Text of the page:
Not long after Jamie Storr was drafted seventh overall by the LA Kings in 1994, the young netminder received a phone call at his family home in Brampton, Ontario.
His mother picked it up. On the other end of the line was a voice claiming to be Wayne Gretzky, and that he would like to speak with Jamie.
Although her son was recently drafted by the Kings, Storr's mother was sure it was a prank. After Gretzky assured her that it was indeed him, she handed the phone to her son so that he could speak with his future teammate, the Great One.
It was one thing to get drafted, but it was quite another to be selected by the team that boasted Wayne Gretzky.
"Stepping into that era, it was a really big deal for me," Storr recently reminisced. "Being around the likes of Jari Kurri, Rob Blake, Marty McSorley, Darryl Sydor, and Kelly Hrudey. There were lots of guys I looked up to, and having Wayne Gretzky there was the icing on the cake," he continued.
It was almost too much to process. "It was basically like stepping right off my couch and into the TV all at once. It was really surreal getting into it," Storr recalled. Things only got more surreal once Storr got to LA.
During his first training camp with the Kings, Storr was rooming in a hotel with Matt Johnson. Both had just been drafted by the club and were just happy to be at an NHL training camp.
One night, Storr remembers getting a phone call from Sam McMaster, the club's general manager at the time, informing him that Gretzky wanted the pair to move into his house so they could get out of the hotel and be in a family environment instead.
For one reason or another, perhaps overcome with excitement that they would be rooming with the Great One, Storr and Johnson got into a big pillow fight. As the shenanigans escalated, they doused each other, and the room, with water.
"And being 18 years old and not very smart, we turned the air conditioner up full blast and woke up the next morning with sore throats," Storr recounted.
When they notified the team of their condition, they were informed that they could not report to Gretzky's house until they were both healthy.
But sure enough, after a few days passed, Storr and Johnson were on their way to Gretzky's mansion on Mulholland Drive.
"It was like stepping into a world you can't even fathom," Storr described. "After practice one day, he's like 'We have to stop at The Tonight Show, I'm doing The Tonight Show with Jay Leno,'" he continued.
Another time after practice, Storr remembers going to watch Monday Night Football with Gretzky at someone's house. It was only once he arrived that Storr discovered they were actually at the Malibu home of the producer of Monday Night Football.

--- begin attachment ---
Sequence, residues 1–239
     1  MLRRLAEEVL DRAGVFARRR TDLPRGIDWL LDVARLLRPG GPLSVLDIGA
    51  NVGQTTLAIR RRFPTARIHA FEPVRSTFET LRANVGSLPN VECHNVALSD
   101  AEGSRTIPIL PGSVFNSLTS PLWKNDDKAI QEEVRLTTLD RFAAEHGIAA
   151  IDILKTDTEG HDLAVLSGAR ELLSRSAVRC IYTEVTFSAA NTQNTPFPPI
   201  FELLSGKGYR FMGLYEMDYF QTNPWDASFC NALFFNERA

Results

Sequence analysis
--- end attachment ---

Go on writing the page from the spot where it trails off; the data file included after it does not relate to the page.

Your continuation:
"And everyone on the couch was a movie star. It was just one thing after another living in that atmosphere," Storr detailed.
But it was about more than just getting a glimpse into the Hollywood lifestyle. For Storr, it was a once in a lifetime opportunity.
"You got to see how the best player who ever played the game acted in everyday situations. You got to see the way he treated others. He was very respectful. Very kind," Storr explained.
"Mr. Gretzky is still the nicest man I've ever met, never mind the best hockey player to ever play. To have that opportunity was very special," he continued.
Living under Gretzky's roof, Storr also got some insights into the game.
"The best advice he ever gave me was 'Look, I don't know a lot about goaltending but the best goaltender to ever play the game was Grant Fuhr. He wasn't a big guy, but he wore the biggest gear possible and took up the most amount of net,'" Storr recollected.
"The funny thing is, in my 15th year playing hockey, I wore the biggest gear possible and took up the most amount of net and I ended up having the most success," he chuckled.
It was shaping up to be an incredible start to the year for Storr, and Johnson, but then the NHL lockout delayed the start of the season. Their stay with Gretzky abruptly came to an end and the pair both returned to their respective junior clubs.
When the work stoppage ended and the NHL's shortened campaign commenced in January 1995, both returned to the Kings.
Upon arriving back in LA, Storr recalls Gretzky telling him and Johnson that they had had such a good time that the family wanted to billet them for the rest of the season.
There was, however, another Hollywood possibility.
Gretzky explained that Kurt Russell and Goldie Hawn were interested in taking in Storr because he was a goaltender and their son, Wyatt, was an aspiring netminder. Meanwhile, Johnson was lined up to move in with Martin Short and his wife.
But General Manager McMaster was having none of that. "Sam said, 'There's no way I'm putting those kids in those homes as billets,'" Storr laughed. "We ended up going to El Segundo and moving in with two billet families that we both became pretty close with," he added.
All told, Storr was only with the Gretzkys for about a month, but it was something he would never forget.
"To have two kids from Ontario be a part of his life, that's something we will always remember," he recalled.
Storr went on to play nine seasons for the Kings, but nothing could compare to that memorable first month rooming with the Great One.